My first experience with Ecuador was in the winter of 2017. That was when I traveled there with Science, Technology and Society (STS) Assistant Director Matt Aruch and 16 other University of Maryland (UMD) students as a part of the STS-led short-term study abroad course, “Education, Technology and Society: Ecuador in Context.” I had originally found out about this opportunity during Admitted Students Open House when I was a senior in high school, and it had served as one of the many reasons I decided to join STS. I knew that I wanted to visit a Spanish-speaking country to sharpen my six years of school-acquired Spanish language and to experience the natural beauty of South America in an authentic and memorable way.
During our three weeks in Ecuador, I met many wonderful students at the University of Cuenca. I continued to keep in touch with them after the course was over, practicing my Spanish and reminiscing about the experience.
And so, when I found out about College Park Scholars’ first-ever global classrooms course, I was thrilled. The course—“International Perspectives on Emerging Science and Technology”—offered a blended classroom experience where 11 students from UMD would meet twice a week and participate in online conferences with 11 undergraduate engineering students from the University of Cuenca. The class was an STS capstone course, which fulfilled Scholars program requirements. It provided the added opportunity of hearing how STS concepts apply to the societal frameworks, technologies and research specific to Ecuador.
Knowing that I could learn alongside students from the University of Cuenca in a non-conventional classroom setting… I couldn’t pass it up!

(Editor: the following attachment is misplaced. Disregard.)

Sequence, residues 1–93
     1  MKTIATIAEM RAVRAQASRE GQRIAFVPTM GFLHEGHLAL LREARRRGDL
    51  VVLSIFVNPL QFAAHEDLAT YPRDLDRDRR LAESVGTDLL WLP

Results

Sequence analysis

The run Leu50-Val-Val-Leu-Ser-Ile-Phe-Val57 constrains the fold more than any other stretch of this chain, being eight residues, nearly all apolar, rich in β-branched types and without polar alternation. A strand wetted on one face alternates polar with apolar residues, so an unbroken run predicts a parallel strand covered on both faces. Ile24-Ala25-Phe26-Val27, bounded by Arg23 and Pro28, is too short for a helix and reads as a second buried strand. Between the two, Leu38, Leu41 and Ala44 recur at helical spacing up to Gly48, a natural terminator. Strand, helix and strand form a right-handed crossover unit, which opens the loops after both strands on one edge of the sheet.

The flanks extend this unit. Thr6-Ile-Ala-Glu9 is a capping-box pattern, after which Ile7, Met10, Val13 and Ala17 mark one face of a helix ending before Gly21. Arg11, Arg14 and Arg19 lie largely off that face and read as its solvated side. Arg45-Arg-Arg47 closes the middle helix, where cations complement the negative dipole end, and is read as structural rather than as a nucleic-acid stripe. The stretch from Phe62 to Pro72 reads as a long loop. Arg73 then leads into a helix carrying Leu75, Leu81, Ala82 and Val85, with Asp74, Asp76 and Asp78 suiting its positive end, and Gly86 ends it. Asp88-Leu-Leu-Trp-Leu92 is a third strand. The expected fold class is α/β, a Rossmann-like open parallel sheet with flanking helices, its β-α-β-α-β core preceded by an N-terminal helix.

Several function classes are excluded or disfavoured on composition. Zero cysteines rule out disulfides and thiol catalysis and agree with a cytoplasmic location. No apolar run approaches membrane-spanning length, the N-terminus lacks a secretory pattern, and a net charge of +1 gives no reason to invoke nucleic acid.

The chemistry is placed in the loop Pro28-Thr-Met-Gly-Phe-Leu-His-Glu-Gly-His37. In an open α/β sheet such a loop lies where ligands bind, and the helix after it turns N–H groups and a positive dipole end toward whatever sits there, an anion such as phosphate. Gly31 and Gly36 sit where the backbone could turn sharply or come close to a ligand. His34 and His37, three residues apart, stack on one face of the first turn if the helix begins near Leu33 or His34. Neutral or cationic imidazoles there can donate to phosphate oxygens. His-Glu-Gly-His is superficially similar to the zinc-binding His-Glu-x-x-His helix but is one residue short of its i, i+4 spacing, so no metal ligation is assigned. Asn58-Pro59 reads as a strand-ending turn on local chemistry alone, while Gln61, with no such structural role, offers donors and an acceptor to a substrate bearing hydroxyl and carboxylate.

Semester-long investigative project
We began the semester by examining principles and theories key to science, technology and society studies. Matt Aruch led the instruction from this side of the world; we met virtually with Dr. Francisco Flores, the instructor on the Cuenca side, and his students through video conference. Normally we would discuss homework topics in groups within our university, then connect via the video-chatting platform, which allowed the simultaneous sharing of screens and projecting of PowerPoints.
Discussions covered technological fixes, governance, moral foundations, the distinctions between expertise vs. layperson knowledge, and understudied or underfunded areas of science and tech. We talked about the challenges of reproducing scientific results and how social values can influence scientific discoveries. We covered technology in the home and the workplace. And we compared findings from our lives to the experiences of our Ecuadorean counterparts.
The main focus of the course involved a semester-long investigative project. Each UMD student was paired with a University of Cuenca partner based on similar interests. Christian Picon is a 23-year-old Ecuadorean student studying civil engineering. He and I shared an affinity for languages, translation and automation, so we were matched for the project. We decided to propose a model for an artificial intelligence (AI) language-learning application. We would explore this idea through a social lens, by looking at what cultural aspects of a language would need to be considered and integrated to create such a system.
Christian and I collaborated online to move our project forward—communicating via text, video conferencing and cloud sharing. The language barrier was not really an issue for us; all of the University of Cuenca students in the class had studied English formally for more than five years. Christian and I were also able to code-switch—that is, use two languages simultaneously—over Messenger.